Question: what do you get if you throw a cynically depressed John Cusack and a sinisterly dynamic Samuel L Jackson into a Stephen King movie adaptation helmed by Sweden’s own Mikael Håfström?
Answer: one of this year’s darkest and most original horror movies, 1408.
Adapted from the Stephen King short story of the same name 1408 stars John Cusack as writer Mike Enslin. Enslin is the author of several books on haunted places and has come to the conclusion that Ghosts do not exist. That is however until he receives a postcard from the Dolphin Hotel in New York City, saying ‘do not enter 1408’.
Intrigued, Enslin follows this up and lands in New York where he meets the creepy hotel manager Mr. Olin, played by Samuel L Jackson. Olin insists that Enslin doesn’t stay in room 1408 because everyone that has stayed in the room has wound up dead in under an hour. Enslin eventually persuades a reluctant Olin to let him stay in 1408 and an onslaught of psychologically traumatizing horrors follow. It is at this point that the movie becomes very fascinating.
The majority of the movie is set in room 1408 and at the outset this sounds pretty boring; John Cusack sitting around a hotel room for just under two hours with the occasional appearance of Samuel ‘Snakes on a Plane’ Jackson. As with a book, you can never judge a movie by its cover.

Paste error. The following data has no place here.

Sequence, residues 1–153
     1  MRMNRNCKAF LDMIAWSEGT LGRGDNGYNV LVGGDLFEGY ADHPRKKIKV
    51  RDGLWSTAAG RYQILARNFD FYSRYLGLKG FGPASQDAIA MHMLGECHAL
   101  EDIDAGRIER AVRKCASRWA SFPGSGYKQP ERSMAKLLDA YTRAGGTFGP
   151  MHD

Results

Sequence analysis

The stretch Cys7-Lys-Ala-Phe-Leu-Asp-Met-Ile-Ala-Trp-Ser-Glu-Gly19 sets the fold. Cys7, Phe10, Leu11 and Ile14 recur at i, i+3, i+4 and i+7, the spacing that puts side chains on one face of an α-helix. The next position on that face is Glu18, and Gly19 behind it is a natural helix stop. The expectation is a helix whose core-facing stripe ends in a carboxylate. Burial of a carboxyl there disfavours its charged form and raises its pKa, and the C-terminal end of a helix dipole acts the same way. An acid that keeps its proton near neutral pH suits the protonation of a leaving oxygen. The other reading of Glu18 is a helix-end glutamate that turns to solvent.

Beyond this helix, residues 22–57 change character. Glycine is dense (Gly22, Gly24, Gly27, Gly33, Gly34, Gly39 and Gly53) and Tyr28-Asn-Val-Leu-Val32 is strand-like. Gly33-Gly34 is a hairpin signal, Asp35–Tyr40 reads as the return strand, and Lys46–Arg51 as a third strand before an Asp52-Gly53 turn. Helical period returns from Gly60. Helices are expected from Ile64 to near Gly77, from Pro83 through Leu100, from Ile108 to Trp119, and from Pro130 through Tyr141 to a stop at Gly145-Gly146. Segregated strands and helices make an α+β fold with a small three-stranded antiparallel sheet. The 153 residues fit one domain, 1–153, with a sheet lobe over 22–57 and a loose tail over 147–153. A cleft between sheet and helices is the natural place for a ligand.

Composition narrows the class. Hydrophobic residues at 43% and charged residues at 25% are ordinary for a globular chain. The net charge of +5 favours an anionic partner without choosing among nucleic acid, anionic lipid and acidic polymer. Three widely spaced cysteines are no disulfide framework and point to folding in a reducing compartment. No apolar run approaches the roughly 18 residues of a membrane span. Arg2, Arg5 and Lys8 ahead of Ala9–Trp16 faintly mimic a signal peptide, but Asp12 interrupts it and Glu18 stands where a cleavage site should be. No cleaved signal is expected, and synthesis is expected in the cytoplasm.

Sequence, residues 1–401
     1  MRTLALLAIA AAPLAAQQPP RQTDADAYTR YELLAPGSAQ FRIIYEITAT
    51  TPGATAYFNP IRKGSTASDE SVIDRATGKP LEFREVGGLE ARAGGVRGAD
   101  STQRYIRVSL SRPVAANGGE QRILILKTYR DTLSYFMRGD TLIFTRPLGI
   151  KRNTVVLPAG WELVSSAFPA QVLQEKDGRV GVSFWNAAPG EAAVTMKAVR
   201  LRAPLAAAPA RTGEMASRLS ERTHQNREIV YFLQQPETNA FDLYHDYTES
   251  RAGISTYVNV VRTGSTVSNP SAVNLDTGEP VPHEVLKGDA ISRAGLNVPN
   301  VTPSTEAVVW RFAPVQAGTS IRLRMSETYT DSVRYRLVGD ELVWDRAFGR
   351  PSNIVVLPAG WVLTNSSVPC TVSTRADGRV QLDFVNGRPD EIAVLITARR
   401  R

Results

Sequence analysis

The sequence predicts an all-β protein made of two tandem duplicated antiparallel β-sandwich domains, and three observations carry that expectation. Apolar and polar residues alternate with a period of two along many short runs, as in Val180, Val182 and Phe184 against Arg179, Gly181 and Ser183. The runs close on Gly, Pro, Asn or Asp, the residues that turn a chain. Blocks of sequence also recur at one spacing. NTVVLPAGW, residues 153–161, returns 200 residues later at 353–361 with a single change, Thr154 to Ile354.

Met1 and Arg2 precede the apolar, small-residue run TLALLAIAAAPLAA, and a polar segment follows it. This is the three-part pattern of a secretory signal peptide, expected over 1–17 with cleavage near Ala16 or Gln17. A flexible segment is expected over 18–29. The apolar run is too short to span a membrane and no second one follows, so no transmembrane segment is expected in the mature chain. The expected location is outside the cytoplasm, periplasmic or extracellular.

Every horror scene in 1408 will have you jumping in your seat. It doesn’t so much rely on in-your-face-gore like traditional horror movies do, but it is more psychological. It is subtle, disturbing and dark. There are several gory scenes in the movie, but not to the point that blood and guts are spattered over the walls.
Håfström has done a brilliant job here with both the story and the horror. The characters, most notably Enslin, are developed fairly well and the story plays out nicely with the horror sequences.
Elements not found in most modern horror movies are a well adapted story, excellent casting, on point direction and some great acting. 1408 has these and a tad more.